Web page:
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MakerBot will no longer make its own 3D printers

MakerBot will no longer make its own 3D printers


The company is outsourcing its manufacturing to China

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MakerBot has announced that it will no longer manufacture its own hardware. Over the course of the next six months, the company will transition the building of its 3D printers and other products to Jabil, a contract manufacturer with facilities in China. As a result, the company will shut down its manufacturing operations in the Industry City complex in Brooklyn, NY, and will part ways with an undisclosed number of staffers. MakerBot's headquarters and its other teams — namely design, engineering, logistics, and repairs — will remain in Brooklyn.

"It’s a specific, painful decision in the sense that we’re going to have to let some people go, but it’s captured over a much broader strategic decision, which is a very important one and a very positive one for MakerBot in the long term," Jonathan Jaglom, MakerBot's CEO, tells The Verge.

MakerBot has a lot more competition these days

Jaglom says he's trying to put MakerBot in a position to meet the consumer demand it expects will crop up in the near future, while also continuing to compete with other startups that are selling increasingly cheap 3D printers. "We need to be able to manufacture printers on a much higher volume in the coming years," Jaglom says.

Companies like MakerBot have struggled to establish a consumer market since the awareness of 3D printing boomed a few years ago. MakerBot tried, unsuccessfully, to reach general consumers through partnerships with stores like Home Depot and Micro Center. The company even opened retail stores of its own, but those have since closed.

Those struggles (along with a lawsuit that alleges MakerBot willfully sold faulty hardware) forced MakerBot to lay off 20 percent or more of its staff on two separate occasions in 2015.

The company also shifted much of its focus to educational and industrial pursuits. ("It's hard to manage the expectations of people who saw the magic of this technology and wanted it to be easy," Jenny Lawton, the former CEO of MakerBot, told The Verge at CES last year.)

MakerBot expanded its presence at Industry City less than a year ago

But at the same time, MakerBot was working on expanding the space it had been leasing since 2013 in the 170,000-acre Industry City complex. When MakerBot officially opened up its new digs there last summer, the company doubled its production capacity. And a large part of Jaglom's interactions with the press centered around the company's commitments to its New York City roots.

"The singlemost thing that we are very proud of is that it’s all happening in Brooklyn," Jaglom said at the ribbon-cutting ceremony. "The launch of factory here today... is just evidence to the fact that we expect and are committed to remaining here."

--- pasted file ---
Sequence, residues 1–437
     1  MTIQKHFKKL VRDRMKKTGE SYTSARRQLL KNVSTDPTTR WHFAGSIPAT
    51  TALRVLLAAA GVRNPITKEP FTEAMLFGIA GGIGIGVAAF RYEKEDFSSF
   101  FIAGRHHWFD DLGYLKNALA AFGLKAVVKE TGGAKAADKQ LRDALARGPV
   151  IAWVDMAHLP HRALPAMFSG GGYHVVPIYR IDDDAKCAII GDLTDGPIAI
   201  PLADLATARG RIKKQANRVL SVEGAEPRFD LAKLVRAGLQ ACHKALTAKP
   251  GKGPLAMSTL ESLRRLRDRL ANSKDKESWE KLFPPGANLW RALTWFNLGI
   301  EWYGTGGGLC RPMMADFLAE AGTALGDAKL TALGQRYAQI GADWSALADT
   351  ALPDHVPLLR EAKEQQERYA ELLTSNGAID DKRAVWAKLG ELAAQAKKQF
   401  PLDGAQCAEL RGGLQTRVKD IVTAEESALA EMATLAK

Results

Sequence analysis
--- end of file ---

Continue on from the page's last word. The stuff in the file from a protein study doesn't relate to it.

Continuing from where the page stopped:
MakerBot isn't the first company to do this, but Brooklyn is part of its identity

Asked how he will reconcile those claims with the staff after today's announcement, Jaglom says he will point to other companies, like Apple, that design in the United States but manufacture elsewhere. "If we play our cards right — and I’m sure we are, we’re doing a lot of great things here — over time, the company will grow further, and through that growth we will bring more talent under our rooftop," he says. "Our DNA and our culture very much remains a Brooklyn one, we’re very proud to be here in Brooklyn."

The change is also likely to rankle the die-hard MakerBot fans, who have become increasingly frustrated with the company over the years. The company, which was founded in 2009, turned away from making open-source 3D printers in 2012, and soon after was acquired by 3D-printing giant Stratasys.

During the last round of layoffs in October 2015, MakerBot announced that it was leaving one of the Industry City buildings the company occupied. When asked how much more floorspace it plans to cut after today's announcement, Jaglom would not go into detail.

Last month, however, Crains reported that MakerBot was relinquishing some 90,000 additional square feet at Industry City. While the Crains report framed this as fallout from the October layoffs, it appears now that this is directly related to today's announcement. This means MakerBot will occupy 135,000 square feet at Industry City going forward, almost half the amount of space it occupied last summer.

"We’ve done a lot of great things here in Brooklyn," Jaglom says. "But we are really following a global trend, which has been around for many years now, whereby we’re stepping away from manufacturing in Brooklyn."

Update April 25th, 2:28PM ET: MakerBot has disclosed the name of the contract manufacturer that it's partnering with. The story has been updated to reflect this new information.